Argued, February 9, 2015
As Corrected May 7, 2015.
Appeal fro the United States District Court for the Southern District of Indiana, Evansville Division. No. 3:06-cr-00007-RLY/WGH -- Richard L. Young, Chief Judge.
For United States of America, Plaintiff - Appellee: Todd S. Shellenbarger, Attorney, Office of The United States Attorney, Evansville, IN.
For Christopher Boultinghouse, Defendant - Appellant: Daniel J. Hillis, Attorney, Office of The Federal Public Defender, Springfield, IL; Thomas W. Patton, Attorney, Office of The Federal Public Defender, Peoria, IL.
Before ROVNER and SYKES, Circuit Judges, and WOOD,[*] District Judge.
Rovner, Circuit Judge.
At the conclusion of a hearing at which defendant-appellant Christopher Boultinghouse waived his right to representation by counsel, the district court found that Boultinghouse had violated multiple conditions of his supervised release, revoked that release, and ordered him to serve an additional prison term of 24 months. Boultinghouse appeals, contending that the district court did not do enough to ensure that his decision to proceed without the assistance of counsel at the revocation hearing was sufficiently informed to constitute a knowing waiver, and that the court failed to articulate reasons for the sentence it imposed when it revoked his supervised release. We conclude that the totality of the circumstances, including the district court's colloquy with Boultinghouse regarding his decision to proceed pro se, demonstrates that his waiver of representation by counsel was a knowing and intelligent decision as well as a voluntary one. As to the sentence, however, because the court gave no reasons for the term of imprisonment it imposed, we cannot be sure that it considered the statutory sentencing factors as it was required to do; we are therefore compelled to vacate the judgment and remand for resentencing.
In 2006, a grand jury indicted Boultinghouse on two counts of unlawfully possessing
a firearm in interstate commerce after previously having been convicted of a felony offense. See 18 U.S.C. § 922(g)(1). Boultinghouse pleaded guilty to both counts of the indictment, and the district court ordered him to serve a prison term of 77 months, to be followed by a three-year term of supervised release. By October of 2011, Boultinghouse had completed his prison term and commenced his supervised release.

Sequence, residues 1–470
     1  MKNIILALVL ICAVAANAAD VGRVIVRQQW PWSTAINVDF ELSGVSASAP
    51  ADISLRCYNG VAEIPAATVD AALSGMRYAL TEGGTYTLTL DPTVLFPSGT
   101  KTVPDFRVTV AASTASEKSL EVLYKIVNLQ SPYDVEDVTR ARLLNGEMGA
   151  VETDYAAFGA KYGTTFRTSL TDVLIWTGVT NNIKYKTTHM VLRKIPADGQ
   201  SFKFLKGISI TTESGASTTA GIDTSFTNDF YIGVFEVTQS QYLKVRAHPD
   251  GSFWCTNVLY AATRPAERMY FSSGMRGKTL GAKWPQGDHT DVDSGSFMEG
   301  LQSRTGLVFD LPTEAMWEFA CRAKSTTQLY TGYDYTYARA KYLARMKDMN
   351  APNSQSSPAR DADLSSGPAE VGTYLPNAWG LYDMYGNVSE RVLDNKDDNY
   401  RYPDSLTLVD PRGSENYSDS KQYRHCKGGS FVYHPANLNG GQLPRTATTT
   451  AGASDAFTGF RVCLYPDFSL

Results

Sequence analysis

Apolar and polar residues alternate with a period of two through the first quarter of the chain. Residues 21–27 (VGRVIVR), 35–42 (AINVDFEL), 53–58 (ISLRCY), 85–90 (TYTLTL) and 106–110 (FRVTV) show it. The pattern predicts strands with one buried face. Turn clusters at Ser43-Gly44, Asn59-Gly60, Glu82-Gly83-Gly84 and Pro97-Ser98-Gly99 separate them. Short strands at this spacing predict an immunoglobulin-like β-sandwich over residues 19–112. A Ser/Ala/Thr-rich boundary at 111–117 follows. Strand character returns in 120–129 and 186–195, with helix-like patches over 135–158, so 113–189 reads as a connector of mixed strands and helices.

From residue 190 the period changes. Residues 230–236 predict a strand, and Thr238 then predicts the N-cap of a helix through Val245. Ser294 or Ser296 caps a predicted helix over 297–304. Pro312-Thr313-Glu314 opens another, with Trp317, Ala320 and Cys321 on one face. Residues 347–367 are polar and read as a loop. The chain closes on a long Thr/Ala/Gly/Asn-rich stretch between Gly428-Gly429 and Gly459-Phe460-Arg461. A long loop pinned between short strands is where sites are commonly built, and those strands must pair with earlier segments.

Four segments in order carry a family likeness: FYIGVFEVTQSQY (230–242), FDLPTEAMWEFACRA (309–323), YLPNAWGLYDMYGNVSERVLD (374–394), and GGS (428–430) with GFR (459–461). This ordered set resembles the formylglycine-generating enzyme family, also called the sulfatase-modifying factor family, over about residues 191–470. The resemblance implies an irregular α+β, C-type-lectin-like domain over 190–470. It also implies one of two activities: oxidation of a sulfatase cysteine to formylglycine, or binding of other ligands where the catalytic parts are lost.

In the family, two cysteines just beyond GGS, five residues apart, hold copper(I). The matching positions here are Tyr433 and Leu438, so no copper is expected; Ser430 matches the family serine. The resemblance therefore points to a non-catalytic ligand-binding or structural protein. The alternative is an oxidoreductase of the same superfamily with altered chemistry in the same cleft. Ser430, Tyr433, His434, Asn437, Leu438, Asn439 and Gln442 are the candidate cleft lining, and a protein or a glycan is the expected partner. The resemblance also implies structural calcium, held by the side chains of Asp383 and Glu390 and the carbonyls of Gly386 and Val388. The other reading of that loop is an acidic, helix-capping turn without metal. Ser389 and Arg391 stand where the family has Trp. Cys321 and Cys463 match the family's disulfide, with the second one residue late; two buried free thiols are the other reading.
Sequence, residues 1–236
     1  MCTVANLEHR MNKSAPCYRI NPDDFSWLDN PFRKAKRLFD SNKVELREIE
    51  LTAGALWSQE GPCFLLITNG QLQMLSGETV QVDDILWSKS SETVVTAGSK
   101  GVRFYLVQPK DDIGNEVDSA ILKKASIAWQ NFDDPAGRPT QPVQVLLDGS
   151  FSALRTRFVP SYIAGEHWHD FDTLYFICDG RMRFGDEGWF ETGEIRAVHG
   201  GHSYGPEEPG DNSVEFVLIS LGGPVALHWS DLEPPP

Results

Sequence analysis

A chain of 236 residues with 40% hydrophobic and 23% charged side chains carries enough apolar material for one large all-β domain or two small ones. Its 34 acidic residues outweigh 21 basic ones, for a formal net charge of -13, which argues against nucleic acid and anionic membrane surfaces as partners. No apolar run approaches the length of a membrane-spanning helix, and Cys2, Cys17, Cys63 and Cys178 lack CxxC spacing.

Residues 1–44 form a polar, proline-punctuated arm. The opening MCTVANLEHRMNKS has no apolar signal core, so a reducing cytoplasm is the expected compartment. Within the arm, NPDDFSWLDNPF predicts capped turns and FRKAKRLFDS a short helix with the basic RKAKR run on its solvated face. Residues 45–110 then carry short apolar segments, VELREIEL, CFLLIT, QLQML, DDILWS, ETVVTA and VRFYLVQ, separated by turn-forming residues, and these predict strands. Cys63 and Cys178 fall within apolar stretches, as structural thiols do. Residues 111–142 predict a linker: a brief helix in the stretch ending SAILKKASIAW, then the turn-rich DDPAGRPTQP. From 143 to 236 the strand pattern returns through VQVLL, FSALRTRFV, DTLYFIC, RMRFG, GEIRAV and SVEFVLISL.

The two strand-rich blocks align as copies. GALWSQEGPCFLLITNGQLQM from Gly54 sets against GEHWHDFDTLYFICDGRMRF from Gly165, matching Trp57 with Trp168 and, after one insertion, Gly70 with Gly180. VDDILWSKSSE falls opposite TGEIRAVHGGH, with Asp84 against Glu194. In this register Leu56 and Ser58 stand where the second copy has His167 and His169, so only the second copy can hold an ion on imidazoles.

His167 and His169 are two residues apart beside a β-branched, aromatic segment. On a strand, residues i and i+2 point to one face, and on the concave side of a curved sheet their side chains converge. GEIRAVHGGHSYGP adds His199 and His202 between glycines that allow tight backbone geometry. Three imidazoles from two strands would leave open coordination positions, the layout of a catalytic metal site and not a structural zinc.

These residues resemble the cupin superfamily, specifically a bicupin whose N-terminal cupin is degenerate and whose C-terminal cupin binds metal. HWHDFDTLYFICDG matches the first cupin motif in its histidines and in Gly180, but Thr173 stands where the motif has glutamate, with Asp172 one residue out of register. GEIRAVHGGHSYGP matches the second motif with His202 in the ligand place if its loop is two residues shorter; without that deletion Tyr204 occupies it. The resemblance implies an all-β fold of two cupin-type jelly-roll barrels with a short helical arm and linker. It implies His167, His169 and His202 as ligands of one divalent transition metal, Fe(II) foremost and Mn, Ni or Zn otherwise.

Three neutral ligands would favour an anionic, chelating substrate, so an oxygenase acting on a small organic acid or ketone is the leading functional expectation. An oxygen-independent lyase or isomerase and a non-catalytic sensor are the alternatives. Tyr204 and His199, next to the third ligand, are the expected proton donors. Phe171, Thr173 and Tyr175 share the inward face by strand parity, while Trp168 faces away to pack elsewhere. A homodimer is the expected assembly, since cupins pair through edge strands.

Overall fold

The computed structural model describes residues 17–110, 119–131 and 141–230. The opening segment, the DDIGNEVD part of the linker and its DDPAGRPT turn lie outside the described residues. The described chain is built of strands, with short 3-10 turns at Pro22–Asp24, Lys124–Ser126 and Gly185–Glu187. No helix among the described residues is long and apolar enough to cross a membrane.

On July 21, 2014, Boultinghouse's probation officer filed a petition with the district court asking that Boultinghouse be arrested and that the court revoke his supervised release. The petition alleged that Boultinghouse had failed multiple drug tests in April and May, 2014. In addition, on June 9, 2014, sheriff's deputies in Posey County, Indiana, had arrested Boultinghouse and charged him with the misdemeanor offenses of disorderly conduct and intimidation; but Boultinghouse had not reported the arrest to his probation officer as required. Based on these facts, the officer contended that Boultinghouse had committed five separate violations of the conditions of his supervised release, namely: (1) committing another criminal offense, (2) using a controlled substance, (3) frequenting a place where controlled substances are illegally sold, used, distributed, or administered, (4) unlawfully possessing a controlled substance, and (5) failing to promptly inform his probation officer that he had been arrested.
Boultinghouse was arrested pursuant to a bench warrant and appeared before the court on July 25, 2014, without counsel. The court advised Boultinghouse that he was entitled to representation and asked him if he wanted counsel. Boultinghouse replied that he did not. " I can defend myself," he told the court. R. 21 at 5. The following exchange between the court and Boultinghouse ensued:
THE COURT: All right. You understand that you would be held to the same standards that an attorney would be held to?
THE DEFENDANT: Sure.
THE COURT: Okay. All right. I've got to tell you, though, that it's not a wise decision you're making here.
THE DEFENDANT: I'm well aware of the fool-for-a-client deal, Your Honor, but this is going to be pretty simple.
R. 21 at 5. The court proceeded to review with Boultinghouse each of the charged violations of his supervised release to make sure that he understood them; Boultinghouse, after asking clarifying questions about several of the charges, indicated that he did. The court then advised Boultinghouse that he had a right to a hearing on the petition for revocation, assuming that he denied the allegations contained therein. Boultinghouse responded that he did deny the allegations " categorically," and he further advised the court that he " would like a hearing as soon as possible." R. 21 at 10. After the government informed the court that it was prepared to proceed immediately as to all but the first charged violation (commission of another offense), the court decided to proceed with the hearing forthwith.